You have THREE YEARS from the date of a motor vehicle accident to file a claim for Third-Party Benefits. This means that if you do not file a lawsuit against those at fault for the accident before the end of that period, you will forever lose your right to file a lawsuit against those responsible for the incident.

    Minors have until one year past their 18th birthday to file a lawsuit. There are other exceptions for military personnel, mentally incapacitated individuals, and survivors of individuals killed in a car accident.

    You have a ONE YEAR limitation to file a claim for reimbursement for No-Fault First-Party Benefits such as wage loss, medical bills, attendant care, and mileage reimbursement. You can collect on these losses for longer than a year, but you must file a lawsuit within one year of when the expense was incurred.

  • What do I need to win my accident case?

    You must show that you have suffered a “threshold injury” to win against a careless driver to recover non-economic damages in a “Third Party” claim.

    Michigan law defines a “threshold injury” as:

    …serious impairment of an important body function, serious disfigurement or scarring, or death.

    It is common for the insurance company and their attorneys to assert that an injury is not a “serious impairment of a body function.”

    If you have an an injury that effects your ability to live your normal life, then contact our office to protect your rights. Get the Bernstein Advantage® today.

  • Will my medical bills be covered for life?

    Yes. Michigan law requires that no-fault related medical coverage continue for life, or for as long as you need treatment, for injuries suffered in a motor vehicle accident. However, many factors may complicate payment of your medical bills. If you have questions about the way these complex issues apply to you, contact us now.

    To qualify for medical expense reimbursement, a medical bill must be reasonable (in cost and necessity) and the expense must be actually incurred, meaning you must have already completed the appointment or procedure. The law does not provide for guaranteed pre-payment of bills for treatment of injuries resulting from an accident. Sometimes, an insurance company will try to escape its responsibility by questioning the need for a medical test or procedure ordered by your physician or by disputing the amount of the bill.

    Michigan’s No-Fault insurance providers offer two types of medical coverage:
    1. Uncoordinated benefits
    2. Coordinated benefits

    An uncoordinated policy pays benefits, regardless of the presence of other health insurance.

    A coordinated policy requires your other health insurance to pay first, and your automobile insurance to pay amounts that your primary health insurer does not cover. Your auto insurance policy states which type of benefits you should receive.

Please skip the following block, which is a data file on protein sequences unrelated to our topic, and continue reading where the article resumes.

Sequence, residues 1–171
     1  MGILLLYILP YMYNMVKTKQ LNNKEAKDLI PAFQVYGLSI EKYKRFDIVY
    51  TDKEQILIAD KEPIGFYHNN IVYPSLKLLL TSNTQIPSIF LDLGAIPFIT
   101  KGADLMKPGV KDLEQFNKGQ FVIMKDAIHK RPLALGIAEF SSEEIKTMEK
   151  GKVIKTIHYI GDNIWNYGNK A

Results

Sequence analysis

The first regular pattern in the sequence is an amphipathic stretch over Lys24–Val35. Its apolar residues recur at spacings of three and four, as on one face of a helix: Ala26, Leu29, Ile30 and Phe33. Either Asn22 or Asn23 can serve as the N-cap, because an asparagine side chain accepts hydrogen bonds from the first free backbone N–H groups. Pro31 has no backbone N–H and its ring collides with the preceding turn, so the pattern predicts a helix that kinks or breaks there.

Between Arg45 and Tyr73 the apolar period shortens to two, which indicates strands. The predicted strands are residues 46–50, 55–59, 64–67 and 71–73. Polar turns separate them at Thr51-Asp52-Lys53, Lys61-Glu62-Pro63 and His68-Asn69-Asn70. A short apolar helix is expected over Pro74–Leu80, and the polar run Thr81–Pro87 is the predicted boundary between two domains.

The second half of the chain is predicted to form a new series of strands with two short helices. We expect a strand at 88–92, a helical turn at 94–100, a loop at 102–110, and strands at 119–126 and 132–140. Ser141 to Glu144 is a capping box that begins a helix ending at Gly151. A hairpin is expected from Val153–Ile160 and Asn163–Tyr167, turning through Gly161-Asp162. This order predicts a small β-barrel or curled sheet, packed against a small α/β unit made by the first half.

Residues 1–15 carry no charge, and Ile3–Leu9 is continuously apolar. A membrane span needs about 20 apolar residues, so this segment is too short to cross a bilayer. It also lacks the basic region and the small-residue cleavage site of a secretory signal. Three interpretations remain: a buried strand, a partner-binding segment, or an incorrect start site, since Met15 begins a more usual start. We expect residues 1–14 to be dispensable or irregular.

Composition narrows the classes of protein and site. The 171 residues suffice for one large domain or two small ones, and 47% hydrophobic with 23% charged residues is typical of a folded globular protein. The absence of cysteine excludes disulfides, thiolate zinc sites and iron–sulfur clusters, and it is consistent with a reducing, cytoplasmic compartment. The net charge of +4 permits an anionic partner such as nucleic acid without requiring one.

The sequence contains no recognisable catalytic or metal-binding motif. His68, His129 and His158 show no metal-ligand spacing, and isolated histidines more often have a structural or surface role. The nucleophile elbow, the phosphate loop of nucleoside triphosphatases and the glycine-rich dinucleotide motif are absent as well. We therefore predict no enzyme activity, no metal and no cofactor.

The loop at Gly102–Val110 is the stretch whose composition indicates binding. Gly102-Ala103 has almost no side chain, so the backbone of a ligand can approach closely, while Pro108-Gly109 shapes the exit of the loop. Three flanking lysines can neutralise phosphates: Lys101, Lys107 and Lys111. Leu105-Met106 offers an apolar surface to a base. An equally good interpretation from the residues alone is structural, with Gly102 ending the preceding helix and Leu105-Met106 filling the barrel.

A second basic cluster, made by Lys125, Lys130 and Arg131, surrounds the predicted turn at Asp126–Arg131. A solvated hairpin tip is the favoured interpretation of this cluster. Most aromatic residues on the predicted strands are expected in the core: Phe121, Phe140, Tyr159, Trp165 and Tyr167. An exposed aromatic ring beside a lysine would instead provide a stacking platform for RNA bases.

It is common for a primary health insurance policy and auto insurance policy to contain contradictory language regarding which policy is first obligated to pay medical bills. If you have questions about this or are experiencing difficulty getting your medical bills in a timely manner, it is important to contact us immediately.

  • Can I recover lost wages?

    Yes. Michigan law allows you to receive 85% of your lost wages if you are disabled from work due to injuries suffered in a motor vehicle accident. This benefit is tax-free and lasts up to three years.

    The law also sets a monthly cap on the amount of lost wages that the auto insurance company must reimburse.

    Contact us for help addressing issues related to no-fault benefits and lost wages.

  • Who will take care of me while I am recovering?

    Attendant Care

    Michigan law requires an insurance company to pay for attendant care and nursing services if you need supervision or assistance while recovering at home. A severely injured person may need around-the-clock supervision.

    If a member of your family is helping take care of you, they may be entitled to reimbursement. Though the law does not set a specific hourly rate for the caregiver, the reimbursement should reflect the type and complexity of the services that you receive.

    Replacement Services for Chores and Errands

    An accident can prevent you from completing household services, chores, and errands. If you have paid or promised to pay for activities which you previously accomplished on your own, then you may be entitled to reimbursement for these expenses.

    Your physician may need to provide a written statement identifying the tasks you are unable to do on your own. Michigan law states that an auto insurance company is obligated to reimburse up to $20 per day for replacement services and that these benefits last for up to three (3) years.

    Contact us for help addressing issues related to no-fault benefits and lost wages.